I’ve already had the rant about how The Man is gamifying the office and turning it all into a Kafka-esque numbers game. But you can eventually buy your way out of The Man’s filthy paws.
However, it appears that The Man is not the only bad guy in getting the balance between Work and Life right. The enemy is embedded within us, according to this NYT article on mindless accumulation. (hat tip to Monevator)
“[earning more than you can use]It’s a waste of effort,” he added, “But once people are in action, they can’t stop.” […] Dr. Hsee said strongly suggested that both groups were driven by the same thing: not by how much they need, but by how much work they could withstand.
I’d have berated the good prof in an earlier life, goddamn it, I need to work to earn all the money to…
buy things I don’t need with money I don’t have to impress people I don’t like?
Damn. I was that guy, and heck, I didn’t even have the need/want for the yachts of the Wolf of Wall Street [ref]What’s up with this yachts thing on Wall Street – and where are the customers’ yachts anyway[/ref]
Till one day, in Tesco as the picture in front of my eyes shimmered and dissolved into a jumble of meaningless lines as for a second the thin line that keeps the delicate fire of reason alight failed. Slowly I gathered my wits and drove back. Really slowly. And then asked myself WTF just happened – and the short form of the answer was basically ‘wrong way, do not enter, turn back now‘. I was lucky, some colleagues discovered they had taken more than they could withstand when they wake up in hospital from a stroke or heart attack. I had to form an exit plan. I was happy as an engineer and with what I was doing, but the micromanagement, targets and bullshit I grew to really hate.
The prof is right. I haven’t earned any notable amount of money for over a year and a a half. And yet I could still go into any Ipswich car dealership and buy a car, new, with cash[ref]we don’t have any Lamborghini or Ferrari dealerships in Ipswich, it’s not that kind of place[/ref]. Because of the paradox he hinted at – I needed the extra cash when I was working to compensate me for the bad experience and the way it stopped me following my own interests, hopes and dreams. Now I can do that, I don’t need the cash – I’m already six months into extra time from when I thought I would run short.
Nobody will listen to the good prof though. Michael Norton put his finger on the problem at the end of the article.
Still, he said, choosing happiness or leisure over earning is challenging, in part because accumulation of money — or candy — is easier to measure than, say, happiness. “You can count Hershey’s Kisses,” Dr. Norton said. Being an involved parent or partner is not so quantifiable. “Most of the things that truly make us happy in life are harder to count,” he said.
Well that’s a bastard then. We are losing our complex values to the simplicity of one-dimensional numbers. We are becoming number-savvy and value-blind.
I walked away from working before the strokes and heart attacks. But I haven’t recovered all intellectual facility. I still occasionally look at things and feel shit-for-brains as I think to myself when faced with a task that once I would have been able to do this easily. I find concentration and focus hard to hold for more than a few hours, though it is slowly getting better – but the recovery time is measured in months and years, not days and weeks. It isn’t all bad- I find it easier to see the big picture and not dive down ratholes of detail. It’s one of the things that helps with not spending badly – I don’t mind spending more for something that I use every day. Or means something to me, but a lot of advertising and a lot of overspending is because the customer doesn’t stand back, ask themselves whether they need this class of thing or service in their life, and if so, do they really need the best or will cheap do. Often the best and dearest is the cheapest – if you use it often, this is the Vimes Boots theory why the poor pay more for many things.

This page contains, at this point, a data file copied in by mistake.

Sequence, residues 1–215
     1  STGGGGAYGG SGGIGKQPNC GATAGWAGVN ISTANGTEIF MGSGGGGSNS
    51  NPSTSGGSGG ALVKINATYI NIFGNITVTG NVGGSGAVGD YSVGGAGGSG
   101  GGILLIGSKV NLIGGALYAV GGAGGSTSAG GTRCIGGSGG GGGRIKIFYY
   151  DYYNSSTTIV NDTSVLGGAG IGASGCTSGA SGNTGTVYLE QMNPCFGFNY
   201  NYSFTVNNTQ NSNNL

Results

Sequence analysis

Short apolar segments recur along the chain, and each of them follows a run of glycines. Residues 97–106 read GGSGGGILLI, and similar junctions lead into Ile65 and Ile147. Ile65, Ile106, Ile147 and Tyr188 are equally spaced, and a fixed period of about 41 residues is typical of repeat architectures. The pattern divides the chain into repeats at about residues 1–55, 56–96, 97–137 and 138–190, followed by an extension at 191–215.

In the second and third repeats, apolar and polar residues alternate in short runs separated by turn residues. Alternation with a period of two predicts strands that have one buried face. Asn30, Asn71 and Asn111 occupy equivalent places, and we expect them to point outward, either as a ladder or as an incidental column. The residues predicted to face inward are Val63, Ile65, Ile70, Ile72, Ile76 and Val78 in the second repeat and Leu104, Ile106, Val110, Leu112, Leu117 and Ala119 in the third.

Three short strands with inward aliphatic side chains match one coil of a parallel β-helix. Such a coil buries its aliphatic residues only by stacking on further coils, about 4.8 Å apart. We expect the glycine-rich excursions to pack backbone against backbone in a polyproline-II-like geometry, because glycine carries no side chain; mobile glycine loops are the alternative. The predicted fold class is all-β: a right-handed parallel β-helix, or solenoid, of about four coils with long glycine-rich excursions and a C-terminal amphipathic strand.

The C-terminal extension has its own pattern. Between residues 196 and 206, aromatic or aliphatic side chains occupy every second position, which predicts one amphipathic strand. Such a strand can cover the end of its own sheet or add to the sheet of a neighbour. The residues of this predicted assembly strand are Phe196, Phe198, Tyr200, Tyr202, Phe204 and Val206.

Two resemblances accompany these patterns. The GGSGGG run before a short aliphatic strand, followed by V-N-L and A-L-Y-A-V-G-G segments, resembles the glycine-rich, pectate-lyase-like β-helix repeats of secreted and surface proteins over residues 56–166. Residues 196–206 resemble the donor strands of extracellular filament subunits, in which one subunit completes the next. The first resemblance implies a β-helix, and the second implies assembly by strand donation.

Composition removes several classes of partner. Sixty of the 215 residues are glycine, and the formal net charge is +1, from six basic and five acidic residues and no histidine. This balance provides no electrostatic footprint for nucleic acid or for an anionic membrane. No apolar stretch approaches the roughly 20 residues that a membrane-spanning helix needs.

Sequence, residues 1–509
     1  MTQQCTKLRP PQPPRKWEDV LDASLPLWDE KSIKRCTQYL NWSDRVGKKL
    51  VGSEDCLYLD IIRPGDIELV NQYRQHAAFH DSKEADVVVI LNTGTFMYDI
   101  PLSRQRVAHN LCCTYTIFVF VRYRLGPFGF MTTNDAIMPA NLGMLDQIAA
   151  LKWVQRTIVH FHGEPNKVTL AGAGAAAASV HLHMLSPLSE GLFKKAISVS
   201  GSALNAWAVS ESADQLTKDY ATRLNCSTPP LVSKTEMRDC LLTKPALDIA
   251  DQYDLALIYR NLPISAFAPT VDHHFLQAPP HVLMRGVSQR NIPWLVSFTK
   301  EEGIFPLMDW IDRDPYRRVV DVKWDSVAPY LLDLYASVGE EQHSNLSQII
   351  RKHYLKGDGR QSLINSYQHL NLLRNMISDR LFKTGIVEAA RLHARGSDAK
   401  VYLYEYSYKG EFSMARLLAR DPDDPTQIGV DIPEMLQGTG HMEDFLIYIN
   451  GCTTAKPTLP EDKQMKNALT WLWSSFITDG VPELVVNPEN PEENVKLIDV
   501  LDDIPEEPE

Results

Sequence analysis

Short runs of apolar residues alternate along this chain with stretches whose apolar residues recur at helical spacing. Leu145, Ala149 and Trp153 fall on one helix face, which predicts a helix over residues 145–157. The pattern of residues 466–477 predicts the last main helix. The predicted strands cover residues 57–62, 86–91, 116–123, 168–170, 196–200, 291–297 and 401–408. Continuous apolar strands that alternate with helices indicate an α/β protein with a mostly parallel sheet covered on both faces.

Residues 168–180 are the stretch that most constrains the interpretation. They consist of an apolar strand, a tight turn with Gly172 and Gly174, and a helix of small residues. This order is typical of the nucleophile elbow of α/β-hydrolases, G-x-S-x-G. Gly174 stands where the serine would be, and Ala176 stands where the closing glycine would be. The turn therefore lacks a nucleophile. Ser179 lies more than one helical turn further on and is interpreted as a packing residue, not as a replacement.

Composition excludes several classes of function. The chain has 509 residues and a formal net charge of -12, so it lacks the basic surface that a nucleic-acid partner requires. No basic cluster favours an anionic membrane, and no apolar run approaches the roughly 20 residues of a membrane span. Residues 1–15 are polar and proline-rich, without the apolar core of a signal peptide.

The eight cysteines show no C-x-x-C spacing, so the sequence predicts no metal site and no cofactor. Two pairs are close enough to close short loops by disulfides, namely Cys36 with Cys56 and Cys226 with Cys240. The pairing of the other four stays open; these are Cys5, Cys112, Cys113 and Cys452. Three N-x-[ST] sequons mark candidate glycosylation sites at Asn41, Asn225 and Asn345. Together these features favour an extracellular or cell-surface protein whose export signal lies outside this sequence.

http://rcm-eu.amazon-adsystem.com/e/cm?lt1=_blank&bc1=000000&IS2=1&bg1=FFFFFF&fc1=000000&lc1=0000FF&t=simpliviinsuf-21&o=2&p=8&l=as4&m=amazon&f=ifr&ref=ss_til&asins=B007Q25T0QVimes Boots happens in other areas too – Adnams had an offer on beer, it wasn’t a huge saving, but since everybody seemed to be both skint and on the Carol Vorderman misery diet[ref]Why the hell do people do stupid things like that – you’reb etter off drinking 10% less all year than nothing for a month and then going on a bender in February, which seems to be the way people deal with the end of the 28-day detox, from observation[/ref] and beer keeps, I’ll save the tenner. We buy coffee from Garraways in London by mail order as beans and grind these, rather than getting itty-bitty bags from Tesco. I take higher insurance excesses to keep premiums down.
So back to The Man – now that’s a problem you can do something about. But the enemy within, who blinds us so our values compass spins and knows no north as we focus on the countable at the expense of the valuable, against this there is little defence. You find out how much work you can withstand by discovering how you can’t withstand and easing off from there. If you’re lucky…
Compared to the enemy without, the enemy within is a trickster. Reining that one in comes down the the old Gnostic maxim, ‘Know thyself’. Getting to do that usually takes two qualities that are in very short supply in the modern world – reflective introspection and time.